Five years ago, my Fiancé Tom and I adopted our sons, Lyall and Richard. I’m Jamie, by the way – author of parenting blog Daddy & Dad. You can find out all about our epic adoption process and catch up with our first five years as a family over at

Adoption Focus have asked me to write this post about adoption from a LGBT+ perspective. But why single out and celebrate LGBT+ parents in particular? Well, although LGBT+ people already account for an admirable proportion of adoptions and foster placements, according to research there are still a lot of people within the LGBT+ community who aspire to become parents or carers but for one reason or another haven’t made an enquiry just yet.

Girl on a rainbow coloured road

Why is this? Well, I’ve asked around our network on Instagram and Facebook and found quite a few simple reasons. It’s true – gay, lesbian, bi and trans people and everybody in between from all identities do want to become parents. We’ve had messages from LGBT+ people as young as 14 and as old as 70+ who are looking at our family as role-models for their future selves.

But, there are a few unfortunate preconceptions that could be holding people back.

The first problem I’ve noted is people don’t feel grown-up enough. They might be financially stable, have plenty of space and time to offer but still feel as though they’ll miss out on something if they become parents. For some people, this might be true, but speaking from experience (I still class myself as an 18 year old despite my age) there is plenty of opportunity to have a lot of fun after becoming a parent. Don’t allow other people’s concept of adulthood delay your chance to become a mum or dad – honestly just the fact you are thinking about this tells me you could be a potential super-mum or wonder-dad. If you’re young and thinking about becoming a parent, why not pop over to Instagram and follow these young dads via adoption - @TwoDadsInLondon. They manage to cram a lot of fun into their family routine!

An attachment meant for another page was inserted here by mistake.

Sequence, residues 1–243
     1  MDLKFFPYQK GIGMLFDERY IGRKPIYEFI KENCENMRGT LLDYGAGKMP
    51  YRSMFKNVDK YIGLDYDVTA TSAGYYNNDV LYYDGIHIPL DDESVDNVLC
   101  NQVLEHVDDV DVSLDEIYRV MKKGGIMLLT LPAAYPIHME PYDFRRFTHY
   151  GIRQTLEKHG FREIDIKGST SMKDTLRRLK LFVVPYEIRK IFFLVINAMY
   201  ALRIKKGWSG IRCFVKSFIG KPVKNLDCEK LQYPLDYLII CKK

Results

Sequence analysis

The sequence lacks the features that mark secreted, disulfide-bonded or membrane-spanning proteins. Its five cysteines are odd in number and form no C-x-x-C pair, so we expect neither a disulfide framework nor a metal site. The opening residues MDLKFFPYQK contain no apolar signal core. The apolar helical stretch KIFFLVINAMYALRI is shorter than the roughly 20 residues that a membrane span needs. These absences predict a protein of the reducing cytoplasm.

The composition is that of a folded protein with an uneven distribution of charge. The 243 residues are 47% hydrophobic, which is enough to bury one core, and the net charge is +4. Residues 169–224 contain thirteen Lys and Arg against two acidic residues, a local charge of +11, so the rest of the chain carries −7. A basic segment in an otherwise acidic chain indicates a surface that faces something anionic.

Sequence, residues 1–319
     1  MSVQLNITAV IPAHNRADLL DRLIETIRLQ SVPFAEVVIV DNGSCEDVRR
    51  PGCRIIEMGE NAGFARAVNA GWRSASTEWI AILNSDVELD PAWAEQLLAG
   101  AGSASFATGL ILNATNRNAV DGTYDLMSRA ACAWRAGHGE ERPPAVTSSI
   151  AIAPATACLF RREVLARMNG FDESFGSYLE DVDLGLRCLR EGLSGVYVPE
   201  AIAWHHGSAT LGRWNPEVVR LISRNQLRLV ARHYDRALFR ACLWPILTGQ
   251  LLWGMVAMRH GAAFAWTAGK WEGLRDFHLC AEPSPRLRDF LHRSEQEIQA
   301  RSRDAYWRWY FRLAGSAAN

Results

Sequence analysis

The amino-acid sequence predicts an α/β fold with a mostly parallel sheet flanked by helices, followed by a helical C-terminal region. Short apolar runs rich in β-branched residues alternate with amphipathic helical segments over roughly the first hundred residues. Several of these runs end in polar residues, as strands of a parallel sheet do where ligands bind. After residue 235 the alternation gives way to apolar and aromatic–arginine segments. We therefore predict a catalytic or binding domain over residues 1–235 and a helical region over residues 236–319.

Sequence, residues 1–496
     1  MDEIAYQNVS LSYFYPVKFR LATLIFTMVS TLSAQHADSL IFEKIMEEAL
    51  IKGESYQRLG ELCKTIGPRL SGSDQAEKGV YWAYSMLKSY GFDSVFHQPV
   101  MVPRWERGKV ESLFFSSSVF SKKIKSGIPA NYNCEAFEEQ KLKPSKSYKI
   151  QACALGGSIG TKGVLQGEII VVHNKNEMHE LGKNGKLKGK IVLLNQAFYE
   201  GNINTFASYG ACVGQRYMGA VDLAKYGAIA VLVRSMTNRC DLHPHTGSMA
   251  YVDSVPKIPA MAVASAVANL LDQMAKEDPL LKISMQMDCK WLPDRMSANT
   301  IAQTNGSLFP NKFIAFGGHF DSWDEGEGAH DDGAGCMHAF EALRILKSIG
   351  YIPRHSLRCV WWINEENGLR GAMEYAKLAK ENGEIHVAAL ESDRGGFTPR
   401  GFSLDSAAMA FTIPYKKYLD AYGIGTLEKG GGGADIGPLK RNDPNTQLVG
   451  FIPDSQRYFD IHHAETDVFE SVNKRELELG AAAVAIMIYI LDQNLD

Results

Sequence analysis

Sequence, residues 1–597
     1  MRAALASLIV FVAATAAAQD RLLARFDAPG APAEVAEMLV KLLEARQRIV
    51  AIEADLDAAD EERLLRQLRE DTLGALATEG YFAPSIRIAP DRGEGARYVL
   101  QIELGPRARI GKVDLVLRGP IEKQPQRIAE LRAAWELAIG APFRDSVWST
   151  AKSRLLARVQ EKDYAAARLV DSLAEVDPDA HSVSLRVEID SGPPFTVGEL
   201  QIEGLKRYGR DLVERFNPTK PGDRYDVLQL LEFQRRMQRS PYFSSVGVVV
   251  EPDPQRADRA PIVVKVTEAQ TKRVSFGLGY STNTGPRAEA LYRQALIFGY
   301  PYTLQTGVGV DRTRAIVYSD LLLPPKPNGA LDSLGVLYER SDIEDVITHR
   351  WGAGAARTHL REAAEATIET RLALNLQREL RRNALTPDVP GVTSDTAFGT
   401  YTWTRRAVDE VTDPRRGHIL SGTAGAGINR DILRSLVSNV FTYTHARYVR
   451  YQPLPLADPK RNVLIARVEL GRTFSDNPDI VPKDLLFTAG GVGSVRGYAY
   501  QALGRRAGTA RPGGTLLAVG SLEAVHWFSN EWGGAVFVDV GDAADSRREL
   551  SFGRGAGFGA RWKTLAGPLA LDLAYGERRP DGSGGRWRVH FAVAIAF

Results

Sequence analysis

Daddy and Dad - Young, LGBT+ and dreaming of parenthood?

Secondly, people are worried about prejudice, discrimination or, well, sticking out like a proverbial sore thumb compared with other families. So – let’s take a closer look at this. During the adoption or fostering application process you will be joined by several other applicants, some older, some younger, all different ethnicities and backgrounds. You might be the only LGBT+ applicants in the room, but you will be treated with equal respect and dignity and everybody will feel equally unique. Further on, when you’re placed with your offspring, there will be times you feel a little different to the other mums and dads on the school run, at the soft-play or at parent and baby groups. But, people are actually very nice – albeit a little harassed by their kids! You quickly realise you are experiencing just the same every-day problems as the other parents, because, despite your fabulous LGBT+ status, in that kind of environment you are just parents, like everybody else.

  Two mothers holding hands with a child

One thing I noticed very early on is our children think our family set-up is completely normal. To them, you won’t be an LGBT+ parent, you’ll just be dad, or mum.

Thirdly (and this always surprises me) many LGBT+ people don’t realise they can become a parent. There are only a handful of high-profile LGBT+ parents in the media and most of them originate from LA and are difficult to identify with. Tom and I have made it our mission to show people, via Instagram, our blog and TV appearances that ordinary LGBT+ people can adopt children and have a fun, fulfilling life. And that’s what our blog is all about. Raising the profile of every-day LGBT+ families, sharing their stories and encouraging more potential parents to make that first enquiry.

To follow our family adventures, please pop over to the Daddy & Dad blog.


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